In the early stages of his likely presidential run, Jeb Bush is running the kind of centrist campaign he promised, taking moderate stands on issues like gay marriage and avoiding overt appeals to the right wing of the Republican Party.
Last month, before announcing that he was formally exploring a White House bid, Bush had said that if he became a candidate, he would not bow to the most conservative parts of the GOP. He implied that Mitt Romney, whom Bush endorsed during the 2012 campaign, had gone too far in appeasing conservatives.
So far, Bush is living up that to pledge. Unlike many of the other leading 2016 Republican candidates, Bush recently announced he would not attend a January 24 forum in Des Moines that is sponsored by Steve King, the Iowa GOP congressman who is one of the strongest opponents of granting legal status to undocumented immigrants. After gay marriages started in Florida this week, Bush urged fellow Republicans to respect court rulings that have legalized same-sex unions, issuing a statement that downplayed the fact that the candidate opposes such unions himself.
On the website for the political action committee he launched this week, Bush highlighted his stances on education and energy, avoiding more popular conservative causes like reforming or gutting the IRS.
“It’s fair to say he's running to the middle, I just think that's who he is,” said Craig Robinson, the former political director of the Republican Party of Iowa. “I'd advise any candidate to be true to themselves and let the chips fall where they may. Candidates always get in trouble when they try to be something they are not.”
To be sure, Bush is a strong conservative on a number of issues. He supports repealing the Affordable Care Act, expanding the use of school vouchers and charter schools, and imposing greater limits on abortion rights.
Bush’s approach, at least at the start of his candidacy, seems to acknowledge that Tea Party activists and other more conservative Republicans will oppose some of his stances, and he is trying to get them to accommodate his views, as opposed to Bush appeasing them. He seems eager to confront his opponents on some issues, as Bush has repeatedly defended Common Core, a kind of finger-in-the-eye to the many conservatives who oppose the education standards.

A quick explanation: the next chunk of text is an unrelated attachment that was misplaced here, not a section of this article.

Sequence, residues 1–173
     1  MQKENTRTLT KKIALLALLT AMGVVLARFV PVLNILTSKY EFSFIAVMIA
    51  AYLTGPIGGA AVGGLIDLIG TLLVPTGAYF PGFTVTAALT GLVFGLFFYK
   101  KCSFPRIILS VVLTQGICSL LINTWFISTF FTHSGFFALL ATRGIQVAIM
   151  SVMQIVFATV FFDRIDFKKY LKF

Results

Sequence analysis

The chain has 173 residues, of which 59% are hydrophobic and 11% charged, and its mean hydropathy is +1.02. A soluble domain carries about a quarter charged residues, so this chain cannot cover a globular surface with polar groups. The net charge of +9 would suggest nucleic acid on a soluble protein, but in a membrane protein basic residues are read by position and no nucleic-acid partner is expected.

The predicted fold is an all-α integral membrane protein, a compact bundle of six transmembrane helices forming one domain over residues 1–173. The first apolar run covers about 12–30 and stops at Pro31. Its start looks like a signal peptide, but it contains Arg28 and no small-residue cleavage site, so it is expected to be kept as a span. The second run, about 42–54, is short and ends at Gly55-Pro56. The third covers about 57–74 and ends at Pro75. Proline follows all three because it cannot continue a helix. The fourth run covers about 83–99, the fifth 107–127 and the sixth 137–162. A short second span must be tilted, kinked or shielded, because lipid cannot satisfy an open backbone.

And there is one obvious sign Bush is likely to continue this approach: the presence of Mike Murphy on his campaign team. Murphy, a well-known figure in the party who was the chief strategist for John McCain's 2000 campaign, has long been one of the loudest voices of change within the Republican Party.
In 2011, Murphy publicly warned that his one-time client, Romney, was making a mistake in attacking rival Rick Perry for being too soft on the issue of illegal immigration. This strategy, Murphy predicted, would eventually be “a great wedge issue for President Obama to beat up the Republican nominee with.” Murphy was right: Obama won overwhelmingly among Latino voters on Election Day in 2012.
Two years later, Murphy, again breaking with many in his party, joined a group of Republicans signing a legal brief urging the Supreme Court to strike down Proposition 8, California’s ban on gay marriage.
Now, the consultant is part of a small circle of longtime advisers to Bush who are running a campaign that seems intent on creating a more moderate Republican Party.
This approach has a major risk: it could make Bush so toxic to the conservative wing of the party that he can’t win. New Jersey Gov. Chris Christie and Wisconsin Gov. Scott Walker, two other Republicans who are competing for Bush to be the favorite of more moderate Republicans, are taking a less confrontational approach with conservatives. Christie and Walker are attending King’s event, even if they are likely to avoid the congressman’s more controversial rhetoric on immigration.
Other likely 2016 candidates, like Louisiana’s Bobby Jindal, were once supporters of Common Core but have backtracked.